Mastitis is by far the most troublesome ailment that any of my livestock has ever had the misfortune of contracting, even pink-eye is no match to this stuff. I was routinely checking my does’ udders to see if anyone was getting close to birthing, when I noticed that my oldest doe, Cheesecake, had a problem. One side of her udder was hot to the touch and swollen. I knew what it was right away. Even though my doe hadn’t given birth yet and wasn’t in milk, she had mastitis.

Now, I had never dealt with this problem. I did know, however, that she had a fever and I needed to try milking her out. Her ‘milk’ was about the consistency of snotty, bloody yogurt, and i could tell that me just touching Cheesecake’s bag was incredibly painful for her. I got out as much of that ‘crud’ as I could, but she still had a lump in her udder the size of a gold ball.

I was at a loss. I didn’t know how to help my poor girl. I didn’t know anyone who had ever tried curing mastitis naturally. Everyone I spoke to said they always called the vet and had them take care of the problem with antibiotics. After a few days, I was almost to that point of desperation. And then I met Mrs. Tate. She raises some very fine registered Nigerian Dwarves and she had recently had a goat with mastitis that she had cured using natural remedies, which she suggested I try. I eagerly followed her advice and went to and ordered “HerBiotic Herb Mix” and “MammarEaze Salve”, both items that are intended to cure mastitis.

Upon their arrival, I began treating my doe with them immediately. I mixed about one teaspoon of the powdered HerBiotic miss with a few tablespoons of unsweetened apple juice and gave this orally to my doe once a day and I rubbed her affected teat with the salve. I did this for a week and that golf ball sized lump in her udder became softer and softer, until i was finally able to milk the final bit of ‘crud’ out of her. My doe was cured! And I was overjoyed!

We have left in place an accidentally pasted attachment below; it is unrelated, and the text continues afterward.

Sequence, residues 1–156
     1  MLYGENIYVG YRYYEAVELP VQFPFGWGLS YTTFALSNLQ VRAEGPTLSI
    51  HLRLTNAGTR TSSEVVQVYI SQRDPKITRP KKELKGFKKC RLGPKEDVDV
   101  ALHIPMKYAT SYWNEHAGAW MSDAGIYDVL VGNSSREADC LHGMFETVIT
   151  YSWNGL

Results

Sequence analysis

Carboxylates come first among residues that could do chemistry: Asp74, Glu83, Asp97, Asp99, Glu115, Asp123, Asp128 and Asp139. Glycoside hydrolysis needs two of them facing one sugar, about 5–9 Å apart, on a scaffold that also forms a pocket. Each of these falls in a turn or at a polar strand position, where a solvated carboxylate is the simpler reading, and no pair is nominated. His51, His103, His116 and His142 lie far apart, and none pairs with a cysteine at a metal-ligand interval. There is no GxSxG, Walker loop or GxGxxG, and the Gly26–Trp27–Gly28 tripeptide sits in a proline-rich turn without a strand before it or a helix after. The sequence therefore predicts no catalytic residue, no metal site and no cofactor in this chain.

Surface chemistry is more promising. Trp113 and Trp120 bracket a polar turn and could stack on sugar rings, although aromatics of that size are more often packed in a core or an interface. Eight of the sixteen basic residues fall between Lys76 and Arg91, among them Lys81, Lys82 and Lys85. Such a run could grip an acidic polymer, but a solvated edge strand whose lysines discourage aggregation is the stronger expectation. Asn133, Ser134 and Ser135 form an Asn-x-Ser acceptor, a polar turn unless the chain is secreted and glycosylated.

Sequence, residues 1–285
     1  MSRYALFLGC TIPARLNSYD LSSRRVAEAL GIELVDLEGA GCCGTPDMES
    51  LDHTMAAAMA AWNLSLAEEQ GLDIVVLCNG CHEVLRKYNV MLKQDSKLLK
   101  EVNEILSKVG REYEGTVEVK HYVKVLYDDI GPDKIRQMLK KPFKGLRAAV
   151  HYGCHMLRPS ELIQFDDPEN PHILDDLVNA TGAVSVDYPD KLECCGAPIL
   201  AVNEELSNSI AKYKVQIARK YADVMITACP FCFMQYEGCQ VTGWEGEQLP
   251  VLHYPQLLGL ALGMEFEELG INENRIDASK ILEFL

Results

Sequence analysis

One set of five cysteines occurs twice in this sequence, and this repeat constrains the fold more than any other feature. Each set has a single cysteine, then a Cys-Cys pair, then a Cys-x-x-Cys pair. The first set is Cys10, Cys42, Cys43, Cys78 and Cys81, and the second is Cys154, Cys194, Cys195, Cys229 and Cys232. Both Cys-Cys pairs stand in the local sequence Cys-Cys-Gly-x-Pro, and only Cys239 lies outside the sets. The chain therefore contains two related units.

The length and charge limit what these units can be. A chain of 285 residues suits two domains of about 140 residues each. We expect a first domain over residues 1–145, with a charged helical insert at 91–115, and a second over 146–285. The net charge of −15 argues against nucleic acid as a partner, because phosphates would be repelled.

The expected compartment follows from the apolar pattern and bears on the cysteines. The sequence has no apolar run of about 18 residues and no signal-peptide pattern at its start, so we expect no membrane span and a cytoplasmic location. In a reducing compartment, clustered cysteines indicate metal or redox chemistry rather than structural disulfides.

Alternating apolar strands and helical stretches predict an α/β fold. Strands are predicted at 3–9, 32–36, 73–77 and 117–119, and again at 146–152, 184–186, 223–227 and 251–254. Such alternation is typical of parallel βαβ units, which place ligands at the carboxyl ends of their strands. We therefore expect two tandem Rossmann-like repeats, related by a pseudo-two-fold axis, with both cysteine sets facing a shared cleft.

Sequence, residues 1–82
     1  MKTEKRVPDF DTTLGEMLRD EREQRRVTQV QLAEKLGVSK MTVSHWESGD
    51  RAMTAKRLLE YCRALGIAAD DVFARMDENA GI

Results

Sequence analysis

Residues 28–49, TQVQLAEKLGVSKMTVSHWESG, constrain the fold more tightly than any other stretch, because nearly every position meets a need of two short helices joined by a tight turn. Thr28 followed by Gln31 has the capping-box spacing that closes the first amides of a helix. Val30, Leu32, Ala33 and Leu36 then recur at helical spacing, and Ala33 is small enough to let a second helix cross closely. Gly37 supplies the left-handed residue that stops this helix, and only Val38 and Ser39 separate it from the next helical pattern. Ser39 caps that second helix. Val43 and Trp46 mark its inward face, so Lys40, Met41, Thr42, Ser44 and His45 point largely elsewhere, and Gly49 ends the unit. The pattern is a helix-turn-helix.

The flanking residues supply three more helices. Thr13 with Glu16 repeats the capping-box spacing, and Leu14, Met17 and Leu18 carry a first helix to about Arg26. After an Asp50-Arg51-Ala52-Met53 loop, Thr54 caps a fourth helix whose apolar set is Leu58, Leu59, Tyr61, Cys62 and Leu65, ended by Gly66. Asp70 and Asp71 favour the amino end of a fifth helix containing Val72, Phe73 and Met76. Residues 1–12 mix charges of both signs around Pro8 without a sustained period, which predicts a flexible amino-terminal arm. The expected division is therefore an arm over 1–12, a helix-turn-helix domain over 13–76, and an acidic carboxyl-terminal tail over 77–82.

These with definitely be products I keep on hand at all times just in case I ever have a case of mastitis in my herd again! Thank you, Fir Meadow llc. for making such great product, and thank you to Mrs. Tate for suggesting them!


Billy or Buck?

The term ‘Billy Goat’ has been the term used to identify a male goat for years and years, but now proper goat people are referring to the males as ‘Bucks’ instead. So which is the correct title? There is not really a straight answer to that question. It depends where you live, the people you hang out with, and the ‘goat circles’ you are in. The same goes for female goats. They used to be called ‘Nannies’ but now are known only as ‘Does’. And their kids (no, seriously! Baby goats are called kids!) are either bucklings (boys) or doelings (girls).

Where I live out here in the country, male goats are called billies. I’ve got two close friends who own goats, and both those educated ladies call their male goats Billy Goats. However, I was mingling with a crowd of registered goat owners for a few months, and they were very strict about referring to their males as ‘Bucks’ and they would jump to correct you if you let the word “billy” slip.

So, what do you think? Billy or Buck?


My little billy goat, ‘Olaf’! 🙂 (Anyone out there a fan of the movie ‘Frozen’?)

Registered vs. unregistered

When you first step in to the world of goat ownership, you’ll quickly discover that there are two classes of goats: registered and non-registered. And depending on why you are wanting to raise goats, you’ll need to decide if you want your animals to be registered or not. This can be a difficult decision to make, especially if you’re in the same area as some registered goat owners. Depending on who you talk to, unregistered goats are worthless and you’ll never make it anywhere in the industry with them. But others will tell you that you’ll never make back all the money you invested in registered animals, which will cost upwards of $200 (I’ve seen doelings priced at $900) for a single weaned female, depending also on the breed. Whereas for an unregistered female, you usually won’t pay more than $75. At that reasonable price, you can have almost 100% guarantee that you’ll get the money back that you invested. The only way you will be able to sell an animal for $200 is if you already have buyers who are looking for registered stock. But in a pinch, you can’t just take that registered animal down to the local sale barn and expect to get any more than $100. That is when its nice to have those unregistered critters that you can turn around and sell to anyone and get back every cent you put in to them.

Another thing to consider when buying your goats is how much money can you invest right away? After all, you’ll need to buy feed, materials for a barn or shed, and fencing to keep your little escape-artists in.

Personally, I’d take an unregistered goat over a registered goat any day. I have purchased registered goats, and I doubt I’ll ever get my money back that I’ve put in her. Don’t get me wrong, she is a gorgeous goat, but not any more so than my unregistered goats, who are equally beautiful.